"Check the history of this organization," Davis says. "We don't fire coaches here."
Some of the Raiders' difficulties are easy to pinpoint. They were 2-1 when they lost Fullback Mark van Eeghen with a bad hamstring pull, and it was only then that they realized what a vital part of their offense he was. Even more serious was the loss for the year of Wide Receiver Bobby Chandler who had a ruptured spleen in the opener. Chandler was their possession receiver, their Freddy Biletnikoff type, the guy who'd make the tough catch over the middle to keep the drive alive. Morris Bradshaw has been a poor imitation.
There are a couple of more sides to the bleak Raider picture. Earlier in the season The New York Times reported that Stabler had allegedly associated with a known gambler while he was quarter-backing the Raiders. Last Sunday the Times reported that a convicted bookmaker and police informant named Gene Tropiano had alleged in 1972 and again recently that the Raiders' trainer, George Anderson, had placed bets on Raider games with a San Francisco-area bookmaker for four teammates, two team officials and himself in the early '70s and had passed inside information about injuries to that same bookmaker. The morning of the Tampa Bay game, Davis said he had confronted Anderson with these charges last week: "I said to him, 'I hear you bet on football.' He said, 'Al, I swear I never did.' If it's true, the guilty people should be apprehended. It's wrong and it's illegal. But the guy says it's not true. The league has had this for nine years. I'm not going to let this faze me. My mind isn't on that right now."
Another dark side of the picture is what some Oakland people feel is an ongoing battle between the team and the league office and the latter's arm on the field, the officials. This fight, they whisper, is related to the current Oakland lawsuit against the NFL to get a green light to move to L.A.
The suggestion is that some very strange things are happening to the Raiders. In the 9-7 loss to Denver, the Broncos got their touchdown on a pass play in which the receiver, Rick Upchurch, stepped out of bounds. The films show it. Denver's field goal was set up by a penalty on a punt that was marked off against the Raiders when it had actually been called against the Broncos. The league has admitted the error, privately.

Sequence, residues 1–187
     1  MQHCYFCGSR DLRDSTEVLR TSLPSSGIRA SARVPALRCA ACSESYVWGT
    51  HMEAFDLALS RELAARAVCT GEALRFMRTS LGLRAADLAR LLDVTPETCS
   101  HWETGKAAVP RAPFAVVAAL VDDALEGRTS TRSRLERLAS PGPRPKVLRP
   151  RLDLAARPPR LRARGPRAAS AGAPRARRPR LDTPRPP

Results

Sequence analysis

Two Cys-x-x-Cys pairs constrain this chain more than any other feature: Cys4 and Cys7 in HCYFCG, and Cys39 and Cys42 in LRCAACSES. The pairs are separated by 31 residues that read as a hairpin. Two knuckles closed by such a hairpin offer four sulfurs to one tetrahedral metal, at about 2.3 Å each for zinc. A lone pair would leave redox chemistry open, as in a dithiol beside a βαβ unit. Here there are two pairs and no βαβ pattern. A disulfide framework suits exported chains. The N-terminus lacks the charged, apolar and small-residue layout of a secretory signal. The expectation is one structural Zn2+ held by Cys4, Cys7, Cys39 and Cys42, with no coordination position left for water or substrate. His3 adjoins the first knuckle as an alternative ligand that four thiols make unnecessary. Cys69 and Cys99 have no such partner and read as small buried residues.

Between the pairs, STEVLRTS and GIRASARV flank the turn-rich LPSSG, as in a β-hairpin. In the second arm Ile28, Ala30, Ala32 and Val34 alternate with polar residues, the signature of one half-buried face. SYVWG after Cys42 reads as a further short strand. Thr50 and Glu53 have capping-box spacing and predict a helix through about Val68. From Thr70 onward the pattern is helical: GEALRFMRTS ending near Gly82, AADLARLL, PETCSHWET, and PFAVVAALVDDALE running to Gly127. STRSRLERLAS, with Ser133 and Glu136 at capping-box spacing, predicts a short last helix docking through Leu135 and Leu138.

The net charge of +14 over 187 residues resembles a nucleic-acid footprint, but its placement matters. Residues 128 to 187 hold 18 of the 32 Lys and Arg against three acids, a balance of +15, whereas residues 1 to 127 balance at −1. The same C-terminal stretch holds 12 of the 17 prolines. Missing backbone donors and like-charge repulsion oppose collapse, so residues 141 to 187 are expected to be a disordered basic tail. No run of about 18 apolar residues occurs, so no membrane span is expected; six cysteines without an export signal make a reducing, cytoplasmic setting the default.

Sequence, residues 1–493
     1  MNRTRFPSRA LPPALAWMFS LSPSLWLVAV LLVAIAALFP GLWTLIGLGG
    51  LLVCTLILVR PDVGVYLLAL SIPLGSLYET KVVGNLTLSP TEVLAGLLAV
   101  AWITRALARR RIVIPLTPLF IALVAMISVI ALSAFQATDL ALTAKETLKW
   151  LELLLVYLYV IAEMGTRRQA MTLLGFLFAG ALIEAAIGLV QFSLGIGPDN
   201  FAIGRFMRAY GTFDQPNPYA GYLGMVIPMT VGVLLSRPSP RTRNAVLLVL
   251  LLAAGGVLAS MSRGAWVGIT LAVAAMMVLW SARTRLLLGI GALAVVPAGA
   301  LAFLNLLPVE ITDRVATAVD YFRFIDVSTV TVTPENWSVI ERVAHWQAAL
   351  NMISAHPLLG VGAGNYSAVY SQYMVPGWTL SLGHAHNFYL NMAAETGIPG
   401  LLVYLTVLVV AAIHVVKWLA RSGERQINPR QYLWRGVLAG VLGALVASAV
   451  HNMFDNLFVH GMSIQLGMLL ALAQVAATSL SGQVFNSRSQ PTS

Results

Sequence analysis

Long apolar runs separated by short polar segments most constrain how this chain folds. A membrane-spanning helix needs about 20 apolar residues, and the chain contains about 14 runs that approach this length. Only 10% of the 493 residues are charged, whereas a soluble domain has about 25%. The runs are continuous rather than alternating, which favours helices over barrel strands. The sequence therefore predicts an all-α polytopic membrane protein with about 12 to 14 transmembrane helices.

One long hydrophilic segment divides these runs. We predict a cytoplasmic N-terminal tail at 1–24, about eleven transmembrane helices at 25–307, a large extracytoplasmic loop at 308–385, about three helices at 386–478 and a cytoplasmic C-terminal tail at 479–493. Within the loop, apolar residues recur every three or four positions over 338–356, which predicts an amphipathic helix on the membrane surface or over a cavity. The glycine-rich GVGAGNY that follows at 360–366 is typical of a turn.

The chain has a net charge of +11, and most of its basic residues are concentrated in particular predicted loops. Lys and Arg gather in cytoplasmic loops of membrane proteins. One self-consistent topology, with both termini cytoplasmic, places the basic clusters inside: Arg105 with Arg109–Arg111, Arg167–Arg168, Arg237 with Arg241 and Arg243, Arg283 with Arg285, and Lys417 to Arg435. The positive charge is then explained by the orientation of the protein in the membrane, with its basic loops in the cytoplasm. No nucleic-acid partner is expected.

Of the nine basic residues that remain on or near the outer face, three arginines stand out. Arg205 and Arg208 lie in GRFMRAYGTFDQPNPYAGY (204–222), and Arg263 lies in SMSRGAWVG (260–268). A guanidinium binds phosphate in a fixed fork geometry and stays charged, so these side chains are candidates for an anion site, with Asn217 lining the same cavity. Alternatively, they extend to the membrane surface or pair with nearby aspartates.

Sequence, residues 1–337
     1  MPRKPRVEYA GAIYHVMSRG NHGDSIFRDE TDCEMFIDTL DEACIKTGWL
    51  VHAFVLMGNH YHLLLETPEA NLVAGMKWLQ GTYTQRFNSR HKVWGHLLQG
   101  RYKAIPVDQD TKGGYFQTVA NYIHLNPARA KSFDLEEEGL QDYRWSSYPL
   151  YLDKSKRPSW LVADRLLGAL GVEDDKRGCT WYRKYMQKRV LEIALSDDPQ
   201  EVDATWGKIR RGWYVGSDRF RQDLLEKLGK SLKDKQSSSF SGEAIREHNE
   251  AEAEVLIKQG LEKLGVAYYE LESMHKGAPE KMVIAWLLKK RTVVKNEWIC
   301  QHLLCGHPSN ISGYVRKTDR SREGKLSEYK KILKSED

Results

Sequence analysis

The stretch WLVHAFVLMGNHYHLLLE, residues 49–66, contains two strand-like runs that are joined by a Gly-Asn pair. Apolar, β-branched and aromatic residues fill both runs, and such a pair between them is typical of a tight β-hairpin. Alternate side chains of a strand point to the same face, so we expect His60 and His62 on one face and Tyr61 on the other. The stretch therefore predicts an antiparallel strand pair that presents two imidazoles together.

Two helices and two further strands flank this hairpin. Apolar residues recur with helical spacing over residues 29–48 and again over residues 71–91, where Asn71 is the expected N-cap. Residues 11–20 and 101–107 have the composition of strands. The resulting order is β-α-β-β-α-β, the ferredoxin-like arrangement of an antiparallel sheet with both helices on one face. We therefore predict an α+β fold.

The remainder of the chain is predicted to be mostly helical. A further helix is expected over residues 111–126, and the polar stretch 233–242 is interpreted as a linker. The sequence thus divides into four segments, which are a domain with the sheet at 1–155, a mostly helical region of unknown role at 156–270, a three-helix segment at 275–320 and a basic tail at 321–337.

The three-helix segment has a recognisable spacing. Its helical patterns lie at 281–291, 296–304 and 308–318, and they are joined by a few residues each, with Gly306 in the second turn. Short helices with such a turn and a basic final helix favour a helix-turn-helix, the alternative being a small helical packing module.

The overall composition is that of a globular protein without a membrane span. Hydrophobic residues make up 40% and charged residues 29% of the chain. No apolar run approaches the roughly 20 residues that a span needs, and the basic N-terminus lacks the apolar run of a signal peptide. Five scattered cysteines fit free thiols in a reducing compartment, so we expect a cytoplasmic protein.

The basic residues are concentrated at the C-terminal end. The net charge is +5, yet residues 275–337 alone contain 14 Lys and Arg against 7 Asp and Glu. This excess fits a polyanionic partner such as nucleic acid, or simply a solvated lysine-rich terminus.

In reviewing Oakland's 36-10 Monday-night victory over the Vikings, the league decided that Raider Safety Odis McKinney had delivered a blow to the area of Steve Dils's head that was so severe in its intent that only a $750 fine would set the matter straight. Closeup footage from NFL films, plus replays of the TV tape, reveal that when McKinney blitzed he had a clear shot at Dils, and could have taken Dils's knee out if he'd wanted to, but instead he ran right through him, making contact at the upper-chest level. Dils bounced right up after the hit, and the referee, Gene Barth, standing five yards away, threw no flag. In the same game the Vikings' Ahmad Rashad rolled up the leg of Oakland Safety Mike Davis, breaking it and tearing ligaments in his ankle—a play far removed from the action—without any kind of reprimand from the league office. Two weeks later, on a punt play against Detroit, the Lions' Ken Fantetti set up McKinney with a block, and Bill Gay finished him off with a forearm and helmet to the head that depressed his cheekbone. The Raiders sent films of that play to the league office. "Accidental hit" was the ruling that came back.
"Yeah, it makes you wonder," McKinney says. "You get fined for a clean hit, and then they bounce you around like a Ping-Pong ball and nothing's said about it. I don't want to say it takes anything away from your aggressiveness and your outlook on the game when that stuff happens, but you never know."
"I won't even mention it," Davis says. "I've got enough trouble scoring points without worrying about the league office. That'll come later."
Meanwhile, the Raiders have a new look—and a new quarterback. And this could have its points.